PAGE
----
IN a landmark move, local charity SAM (Struggle Against Muscular dystrophy) has announced the award this year of more than £175,000 to evaluate three promising drugs targeting Congenital Muscular Dystrophy.

CMD is the little-known form of the disease that afflicts the charity's inspiration, three year-old Hillsborough boy Sam McCausland.

Sam's mum, and charity founder, Tracy McCausland claims that while there are currently no effective treatments or cures for any of the more than 40 neuro-muscular conditions in the Muscular Dystrophy group, research has so far largely bypassed Sam's rare form.

"As a rare disease," she said, "the form of muscular dystrophy from which Sam suffers (merosin deficient congenital muscular dystrophy, MDC1A for short) has until now been largely ignored in research and drug development."

As well as funding research into an NFKappaB inhibitor, laminin 111, and a muscle-specific IgF upregulator, SAM is also to fund a separate effort, in association with international CMD advocacy group, CureCMD - to identify disease biomarkers specific to merosin deficient CMD (MDC1A).

It has been two years since Tracy and her husband William had news that their little boy Sam – just one year old at the time - had the progressive muscle wasting condition that is Congenital Muscular Dystrophy.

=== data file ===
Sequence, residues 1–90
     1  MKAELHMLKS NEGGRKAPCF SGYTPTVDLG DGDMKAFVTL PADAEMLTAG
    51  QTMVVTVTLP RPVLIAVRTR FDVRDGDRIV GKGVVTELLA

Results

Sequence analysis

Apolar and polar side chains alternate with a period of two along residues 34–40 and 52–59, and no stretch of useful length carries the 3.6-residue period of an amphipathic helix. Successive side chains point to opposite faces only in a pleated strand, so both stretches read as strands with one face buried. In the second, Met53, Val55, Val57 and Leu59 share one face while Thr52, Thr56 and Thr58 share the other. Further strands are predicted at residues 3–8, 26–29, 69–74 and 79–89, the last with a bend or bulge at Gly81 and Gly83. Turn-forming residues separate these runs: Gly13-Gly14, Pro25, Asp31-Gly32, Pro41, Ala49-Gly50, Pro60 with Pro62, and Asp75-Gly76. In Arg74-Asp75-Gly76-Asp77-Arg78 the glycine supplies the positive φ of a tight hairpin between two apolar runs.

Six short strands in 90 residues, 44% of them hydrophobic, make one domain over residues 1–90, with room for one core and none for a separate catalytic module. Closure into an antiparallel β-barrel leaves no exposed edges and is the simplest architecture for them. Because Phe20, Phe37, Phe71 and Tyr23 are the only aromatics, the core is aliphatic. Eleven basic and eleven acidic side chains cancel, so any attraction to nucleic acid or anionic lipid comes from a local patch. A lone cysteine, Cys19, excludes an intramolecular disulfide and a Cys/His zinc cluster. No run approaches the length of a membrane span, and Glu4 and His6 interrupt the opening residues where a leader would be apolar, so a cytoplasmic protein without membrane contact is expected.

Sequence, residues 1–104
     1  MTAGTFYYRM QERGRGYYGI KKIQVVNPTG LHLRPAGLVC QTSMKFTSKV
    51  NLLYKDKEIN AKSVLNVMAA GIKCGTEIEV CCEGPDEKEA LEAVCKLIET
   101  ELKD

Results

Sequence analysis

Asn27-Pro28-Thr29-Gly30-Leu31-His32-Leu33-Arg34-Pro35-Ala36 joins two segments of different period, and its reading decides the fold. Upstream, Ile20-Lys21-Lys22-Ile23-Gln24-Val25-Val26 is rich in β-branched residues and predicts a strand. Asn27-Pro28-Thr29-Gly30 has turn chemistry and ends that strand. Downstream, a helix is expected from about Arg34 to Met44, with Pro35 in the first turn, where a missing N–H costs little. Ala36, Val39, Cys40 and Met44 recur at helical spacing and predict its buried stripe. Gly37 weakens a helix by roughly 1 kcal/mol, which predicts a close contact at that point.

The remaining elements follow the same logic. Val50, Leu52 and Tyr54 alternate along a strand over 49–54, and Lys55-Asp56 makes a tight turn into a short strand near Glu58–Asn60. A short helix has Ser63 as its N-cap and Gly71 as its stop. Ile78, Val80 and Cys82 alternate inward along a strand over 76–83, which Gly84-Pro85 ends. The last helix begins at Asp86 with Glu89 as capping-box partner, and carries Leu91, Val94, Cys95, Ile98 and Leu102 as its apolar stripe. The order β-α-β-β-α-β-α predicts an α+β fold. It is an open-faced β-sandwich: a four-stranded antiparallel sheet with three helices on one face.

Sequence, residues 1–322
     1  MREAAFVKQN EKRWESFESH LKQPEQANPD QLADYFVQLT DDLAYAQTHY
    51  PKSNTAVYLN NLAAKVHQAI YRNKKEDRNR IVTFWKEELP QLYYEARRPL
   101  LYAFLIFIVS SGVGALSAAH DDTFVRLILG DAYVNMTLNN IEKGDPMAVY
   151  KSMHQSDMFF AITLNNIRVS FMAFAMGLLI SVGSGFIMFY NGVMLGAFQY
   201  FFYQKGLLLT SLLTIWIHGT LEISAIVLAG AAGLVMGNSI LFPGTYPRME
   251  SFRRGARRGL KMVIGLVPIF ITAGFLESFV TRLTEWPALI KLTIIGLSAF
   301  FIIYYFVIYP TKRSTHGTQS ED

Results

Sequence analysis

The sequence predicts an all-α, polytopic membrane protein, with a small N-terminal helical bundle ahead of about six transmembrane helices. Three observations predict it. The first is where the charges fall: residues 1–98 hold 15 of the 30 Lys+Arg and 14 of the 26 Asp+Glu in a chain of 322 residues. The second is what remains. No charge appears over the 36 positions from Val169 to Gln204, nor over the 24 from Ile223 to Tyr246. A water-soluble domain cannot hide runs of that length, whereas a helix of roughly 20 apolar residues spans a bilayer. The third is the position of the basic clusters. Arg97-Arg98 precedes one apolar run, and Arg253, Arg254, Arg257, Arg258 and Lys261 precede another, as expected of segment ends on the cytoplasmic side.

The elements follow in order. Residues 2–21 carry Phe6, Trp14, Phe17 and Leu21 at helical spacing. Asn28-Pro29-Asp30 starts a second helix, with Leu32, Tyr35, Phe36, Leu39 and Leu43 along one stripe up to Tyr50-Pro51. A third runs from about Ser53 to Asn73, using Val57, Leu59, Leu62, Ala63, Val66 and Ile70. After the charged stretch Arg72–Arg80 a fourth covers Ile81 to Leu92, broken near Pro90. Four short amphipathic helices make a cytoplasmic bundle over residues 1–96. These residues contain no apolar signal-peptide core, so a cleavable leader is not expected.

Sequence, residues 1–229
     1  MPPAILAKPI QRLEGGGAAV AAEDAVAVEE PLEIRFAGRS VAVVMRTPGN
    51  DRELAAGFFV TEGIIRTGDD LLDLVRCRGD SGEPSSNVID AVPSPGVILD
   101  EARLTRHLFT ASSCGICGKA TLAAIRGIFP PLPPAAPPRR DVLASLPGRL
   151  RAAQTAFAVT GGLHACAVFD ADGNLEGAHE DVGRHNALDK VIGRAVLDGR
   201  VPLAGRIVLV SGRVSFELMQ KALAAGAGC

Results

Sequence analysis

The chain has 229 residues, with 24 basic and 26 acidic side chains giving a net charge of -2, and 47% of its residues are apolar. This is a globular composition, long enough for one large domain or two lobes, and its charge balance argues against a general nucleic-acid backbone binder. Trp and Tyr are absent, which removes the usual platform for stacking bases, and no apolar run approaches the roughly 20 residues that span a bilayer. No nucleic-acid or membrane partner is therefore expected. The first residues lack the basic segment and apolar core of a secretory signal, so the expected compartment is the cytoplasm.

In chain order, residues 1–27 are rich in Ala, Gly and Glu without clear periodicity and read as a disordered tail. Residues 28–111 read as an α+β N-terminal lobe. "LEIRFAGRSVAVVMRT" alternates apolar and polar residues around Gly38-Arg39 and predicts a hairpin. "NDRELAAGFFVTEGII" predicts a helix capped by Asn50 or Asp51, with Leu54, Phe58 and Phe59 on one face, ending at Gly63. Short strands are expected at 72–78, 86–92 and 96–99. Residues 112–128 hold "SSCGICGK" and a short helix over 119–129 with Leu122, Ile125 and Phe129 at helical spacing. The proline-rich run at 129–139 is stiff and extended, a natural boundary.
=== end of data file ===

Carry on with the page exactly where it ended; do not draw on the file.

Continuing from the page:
Muscular Dystrophy affects thousands of UK children, causing the muscles to gradually waste away. Children become dependent on wheelchairs at a very early age and as the muscles continue to waste they become quadriplegic, suffer from scoliosis (twisting and distortion of the spine) and develop painful muscle contractures.

They also lose the ability to breathe and eat without assistance.

Said Tracy, "In April 2008 we set up the charity 'Struggle Against Muscular dystrophy'; just over one year on, with huge support both financially and emotionally from the people of Northern Ireland and a number of extremely successful fundraising events under our belts, we have raised almost 200,000.

"One of our core commitments was that we would establish and run as a 'zero cost' charity; in other words everyone involved with the charity would give freely of their time, expertise, products and services so that we could be in a position to promise faithfully that every pound we raise can go to research to help bring an effective treatment and eventually a cure one step closer."

With the recent funding announcement, SAM, she said, was being true to its word. She added, "Each application received during this year's grant process was subjected to a rigorous review process that included outside peer review and Scientific and Medical Advisory Board evaluation."